While prices did bounce back relatively quickly from their absolute lows in 1999 and 2002, there was still a 6-12 month period after that before prices really took off. Also, looking over the data carefully, it seems the industry is more concerned with stock of storage than the flow of storage. Prices don't bottom until the excess stock of storage over normal has come in by 200 BCF or so. And bull markets don't seem to start until stocks of storage return to their 5 year average.

And finally, I'm still waiting for some sort of pronouncement from a major media source (time, newsweek, etc.) that we have infinite amounts of natural gas, and it will serve all of our future energy needs. Publications like that often mark extremes in sentiment and price.

So, we are in a bear market. Before the bear market ends, there will be a number of signposts, and they are:
1) We need to see a less steep strip, and would particularly like to see some more backwardation between March 10 and May 10.
2) We need to see lots of gas driller/producer bankruptcies, and a high level of M&A.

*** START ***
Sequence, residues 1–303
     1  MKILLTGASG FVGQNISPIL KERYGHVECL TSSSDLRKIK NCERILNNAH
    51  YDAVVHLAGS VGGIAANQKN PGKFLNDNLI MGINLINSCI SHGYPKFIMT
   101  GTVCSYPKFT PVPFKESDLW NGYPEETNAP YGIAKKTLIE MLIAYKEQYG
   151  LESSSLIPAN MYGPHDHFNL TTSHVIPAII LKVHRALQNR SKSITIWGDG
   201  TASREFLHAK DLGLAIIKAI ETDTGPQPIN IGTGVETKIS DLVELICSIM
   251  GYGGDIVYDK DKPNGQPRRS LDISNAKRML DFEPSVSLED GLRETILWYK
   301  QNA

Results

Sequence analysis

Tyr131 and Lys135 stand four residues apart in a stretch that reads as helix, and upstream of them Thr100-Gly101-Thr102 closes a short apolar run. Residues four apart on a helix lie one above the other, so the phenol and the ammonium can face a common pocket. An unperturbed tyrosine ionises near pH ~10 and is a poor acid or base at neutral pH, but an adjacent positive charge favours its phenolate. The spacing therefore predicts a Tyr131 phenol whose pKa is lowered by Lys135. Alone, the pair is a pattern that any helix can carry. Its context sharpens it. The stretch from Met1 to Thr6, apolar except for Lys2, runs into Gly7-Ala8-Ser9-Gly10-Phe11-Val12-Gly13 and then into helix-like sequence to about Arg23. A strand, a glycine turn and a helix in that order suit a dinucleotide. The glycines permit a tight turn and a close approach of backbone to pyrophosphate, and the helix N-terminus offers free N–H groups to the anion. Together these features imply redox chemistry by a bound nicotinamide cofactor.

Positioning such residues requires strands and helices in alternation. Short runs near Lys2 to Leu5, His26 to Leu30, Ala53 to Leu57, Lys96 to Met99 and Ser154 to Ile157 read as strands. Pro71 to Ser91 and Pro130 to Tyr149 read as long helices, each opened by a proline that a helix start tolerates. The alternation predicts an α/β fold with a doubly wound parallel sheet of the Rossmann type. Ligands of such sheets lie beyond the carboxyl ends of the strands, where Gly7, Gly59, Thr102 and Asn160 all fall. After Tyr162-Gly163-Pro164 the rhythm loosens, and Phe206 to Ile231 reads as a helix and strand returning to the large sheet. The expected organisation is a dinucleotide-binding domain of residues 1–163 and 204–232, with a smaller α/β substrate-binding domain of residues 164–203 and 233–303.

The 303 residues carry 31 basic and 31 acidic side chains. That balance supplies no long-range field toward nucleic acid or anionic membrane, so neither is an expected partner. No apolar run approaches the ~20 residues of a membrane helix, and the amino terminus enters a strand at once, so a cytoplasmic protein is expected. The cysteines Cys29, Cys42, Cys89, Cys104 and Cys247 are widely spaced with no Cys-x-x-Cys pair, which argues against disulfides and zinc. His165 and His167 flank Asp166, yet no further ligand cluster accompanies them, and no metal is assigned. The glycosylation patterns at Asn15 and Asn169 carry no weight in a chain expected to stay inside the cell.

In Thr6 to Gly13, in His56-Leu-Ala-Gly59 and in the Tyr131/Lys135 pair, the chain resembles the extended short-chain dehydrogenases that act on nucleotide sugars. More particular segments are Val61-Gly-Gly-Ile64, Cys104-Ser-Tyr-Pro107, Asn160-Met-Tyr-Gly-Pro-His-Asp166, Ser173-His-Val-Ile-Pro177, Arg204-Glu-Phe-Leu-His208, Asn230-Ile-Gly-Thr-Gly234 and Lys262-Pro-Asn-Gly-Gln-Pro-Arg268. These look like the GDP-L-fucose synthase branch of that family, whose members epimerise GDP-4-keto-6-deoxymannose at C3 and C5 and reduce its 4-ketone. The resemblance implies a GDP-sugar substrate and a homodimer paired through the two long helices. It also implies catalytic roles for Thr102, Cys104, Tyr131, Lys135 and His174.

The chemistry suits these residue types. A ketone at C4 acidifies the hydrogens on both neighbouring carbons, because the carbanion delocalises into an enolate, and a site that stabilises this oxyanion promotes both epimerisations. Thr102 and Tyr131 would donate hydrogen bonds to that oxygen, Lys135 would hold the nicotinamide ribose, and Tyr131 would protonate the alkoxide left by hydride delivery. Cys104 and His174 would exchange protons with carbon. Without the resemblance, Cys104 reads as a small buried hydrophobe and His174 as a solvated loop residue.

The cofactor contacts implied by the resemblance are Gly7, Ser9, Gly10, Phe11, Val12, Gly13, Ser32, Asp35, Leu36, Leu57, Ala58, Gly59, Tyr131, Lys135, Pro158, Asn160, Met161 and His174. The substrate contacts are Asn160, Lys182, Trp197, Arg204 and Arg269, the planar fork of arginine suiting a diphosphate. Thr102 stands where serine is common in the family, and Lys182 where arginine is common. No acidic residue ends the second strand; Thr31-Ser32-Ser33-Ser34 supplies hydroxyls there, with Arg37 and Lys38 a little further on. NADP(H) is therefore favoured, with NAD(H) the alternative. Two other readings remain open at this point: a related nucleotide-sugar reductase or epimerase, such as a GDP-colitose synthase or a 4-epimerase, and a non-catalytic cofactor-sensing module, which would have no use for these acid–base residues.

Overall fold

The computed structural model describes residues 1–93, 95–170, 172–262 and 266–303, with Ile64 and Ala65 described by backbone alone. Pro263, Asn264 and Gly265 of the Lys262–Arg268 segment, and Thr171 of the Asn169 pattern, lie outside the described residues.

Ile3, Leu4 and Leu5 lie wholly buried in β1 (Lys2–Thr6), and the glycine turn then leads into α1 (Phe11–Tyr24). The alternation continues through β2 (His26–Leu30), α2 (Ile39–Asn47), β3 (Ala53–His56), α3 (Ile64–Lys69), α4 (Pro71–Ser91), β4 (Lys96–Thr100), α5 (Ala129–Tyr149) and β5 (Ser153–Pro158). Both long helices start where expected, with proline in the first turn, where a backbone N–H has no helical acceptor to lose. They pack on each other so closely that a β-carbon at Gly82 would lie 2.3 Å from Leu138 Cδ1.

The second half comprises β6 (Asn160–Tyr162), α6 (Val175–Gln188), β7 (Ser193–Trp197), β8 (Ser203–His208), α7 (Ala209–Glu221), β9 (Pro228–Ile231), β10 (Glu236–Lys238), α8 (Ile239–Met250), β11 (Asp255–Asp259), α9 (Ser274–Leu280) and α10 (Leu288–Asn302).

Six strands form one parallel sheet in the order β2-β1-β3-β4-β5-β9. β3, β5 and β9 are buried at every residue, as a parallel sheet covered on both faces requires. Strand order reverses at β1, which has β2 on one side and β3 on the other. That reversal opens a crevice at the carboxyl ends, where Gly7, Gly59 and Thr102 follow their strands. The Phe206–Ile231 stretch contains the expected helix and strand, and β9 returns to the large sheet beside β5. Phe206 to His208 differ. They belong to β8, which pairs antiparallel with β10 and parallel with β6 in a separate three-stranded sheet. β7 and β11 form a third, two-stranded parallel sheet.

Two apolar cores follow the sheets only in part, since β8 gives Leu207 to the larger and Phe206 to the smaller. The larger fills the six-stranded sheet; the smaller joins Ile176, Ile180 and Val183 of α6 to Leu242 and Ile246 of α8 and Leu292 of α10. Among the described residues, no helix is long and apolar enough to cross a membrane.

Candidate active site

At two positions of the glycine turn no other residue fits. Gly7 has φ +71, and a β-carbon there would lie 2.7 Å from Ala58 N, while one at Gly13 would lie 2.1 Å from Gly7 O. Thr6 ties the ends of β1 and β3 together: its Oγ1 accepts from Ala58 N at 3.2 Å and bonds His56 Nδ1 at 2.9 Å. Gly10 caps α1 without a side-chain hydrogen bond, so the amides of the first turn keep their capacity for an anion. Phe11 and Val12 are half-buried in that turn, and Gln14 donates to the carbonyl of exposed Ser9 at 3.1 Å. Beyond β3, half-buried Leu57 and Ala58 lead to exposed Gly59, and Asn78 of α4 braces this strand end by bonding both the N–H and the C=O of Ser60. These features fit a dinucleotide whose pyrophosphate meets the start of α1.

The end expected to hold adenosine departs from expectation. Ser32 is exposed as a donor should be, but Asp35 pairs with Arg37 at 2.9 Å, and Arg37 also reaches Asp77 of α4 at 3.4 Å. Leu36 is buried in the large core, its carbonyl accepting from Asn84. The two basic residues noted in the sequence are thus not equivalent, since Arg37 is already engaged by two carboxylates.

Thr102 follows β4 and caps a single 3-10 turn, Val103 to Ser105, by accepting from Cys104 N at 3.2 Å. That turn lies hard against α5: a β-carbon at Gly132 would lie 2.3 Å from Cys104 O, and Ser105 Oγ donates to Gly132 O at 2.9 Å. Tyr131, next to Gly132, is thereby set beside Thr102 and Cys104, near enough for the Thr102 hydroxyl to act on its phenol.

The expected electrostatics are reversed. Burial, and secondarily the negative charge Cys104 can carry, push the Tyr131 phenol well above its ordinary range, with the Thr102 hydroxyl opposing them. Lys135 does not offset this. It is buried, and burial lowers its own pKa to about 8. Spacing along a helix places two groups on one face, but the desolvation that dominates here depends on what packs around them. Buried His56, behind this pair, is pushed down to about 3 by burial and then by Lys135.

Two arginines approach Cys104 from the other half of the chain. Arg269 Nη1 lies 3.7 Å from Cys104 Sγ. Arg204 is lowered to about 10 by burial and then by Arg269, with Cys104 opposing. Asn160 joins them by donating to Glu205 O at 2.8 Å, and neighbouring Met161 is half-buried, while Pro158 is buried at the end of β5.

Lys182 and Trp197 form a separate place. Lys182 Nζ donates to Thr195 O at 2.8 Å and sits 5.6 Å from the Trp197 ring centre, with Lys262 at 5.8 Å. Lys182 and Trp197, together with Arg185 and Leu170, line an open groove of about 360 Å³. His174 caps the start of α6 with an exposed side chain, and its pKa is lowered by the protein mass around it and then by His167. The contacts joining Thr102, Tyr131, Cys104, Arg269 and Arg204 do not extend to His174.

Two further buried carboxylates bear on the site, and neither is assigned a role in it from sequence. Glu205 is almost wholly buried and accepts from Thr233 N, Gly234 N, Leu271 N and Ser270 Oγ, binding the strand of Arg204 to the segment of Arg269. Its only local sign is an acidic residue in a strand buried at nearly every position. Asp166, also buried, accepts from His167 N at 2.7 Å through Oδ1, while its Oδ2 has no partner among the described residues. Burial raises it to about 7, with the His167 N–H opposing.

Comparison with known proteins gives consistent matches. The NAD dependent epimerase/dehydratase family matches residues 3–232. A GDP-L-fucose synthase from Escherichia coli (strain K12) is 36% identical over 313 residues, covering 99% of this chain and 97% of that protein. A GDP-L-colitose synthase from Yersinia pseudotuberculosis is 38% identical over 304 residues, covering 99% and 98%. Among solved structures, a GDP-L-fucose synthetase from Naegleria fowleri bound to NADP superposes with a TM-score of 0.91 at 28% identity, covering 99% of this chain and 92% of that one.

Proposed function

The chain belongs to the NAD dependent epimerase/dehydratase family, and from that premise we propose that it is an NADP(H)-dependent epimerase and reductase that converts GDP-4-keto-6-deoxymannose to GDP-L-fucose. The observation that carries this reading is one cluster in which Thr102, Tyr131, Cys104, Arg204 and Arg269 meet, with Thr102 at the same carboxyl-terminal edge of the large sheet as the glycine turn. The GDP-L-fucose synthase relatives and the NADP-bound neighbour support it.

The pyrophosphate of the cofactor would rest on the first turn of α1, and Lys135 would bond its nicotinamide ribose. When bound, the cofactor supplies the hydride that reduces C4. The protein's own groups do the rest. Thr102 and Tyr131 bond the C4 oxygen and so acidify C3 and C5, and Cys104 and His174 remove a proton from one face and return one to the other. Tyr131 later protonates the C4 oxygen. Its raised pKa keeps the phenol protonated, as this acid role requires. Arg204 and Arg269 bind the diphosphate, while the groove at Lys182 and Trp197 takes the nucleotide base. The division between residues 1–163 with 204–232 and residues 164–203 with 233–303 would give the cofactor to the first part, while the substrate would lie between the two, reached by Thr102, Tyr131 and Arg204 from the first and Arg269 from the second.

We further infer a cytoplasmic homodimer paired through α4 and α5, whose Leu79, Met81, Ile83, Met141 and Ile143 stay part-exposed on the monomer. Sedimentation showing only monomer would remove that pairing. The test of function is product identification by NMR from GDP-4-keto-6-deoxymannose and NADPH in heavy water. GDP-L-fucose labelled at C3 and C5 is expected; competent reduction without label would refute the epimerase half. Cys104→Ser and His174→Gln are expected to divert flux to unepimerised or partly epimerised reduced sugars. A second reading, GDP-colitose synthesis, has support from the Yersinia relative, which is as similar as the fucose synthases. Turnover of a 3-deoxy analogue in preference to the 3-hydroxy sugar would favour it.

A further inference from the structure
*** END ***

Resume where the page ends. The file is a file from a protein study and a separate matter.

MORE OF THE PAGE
3) Storage excess over norms needs to reduce by 200 BCF before prices will bottom. This will probably happen going into October as inventories get full.
4) Storage levels need to return to 5 year averages before a bull market can really get started.
5) Some sort of marker from a major media outlet would be a nice confirmation, although they don't always occur.

Sunday, August 30, 2009

Two items of interest for dollar followers

There were two news items this week that have potentially substantial implications for the US dollar.

The first is that a new political party, the Democratic Party of Japan, has swept into power in a landslide election victory. While these results will not be a surprise to the markets, it is a potential concern for the dollar. This is because the DPJ has a much cooler stance on Japan's relationship with the US, and certain officials have taken the stance that Japan should reduce its exposure to dollar holdings.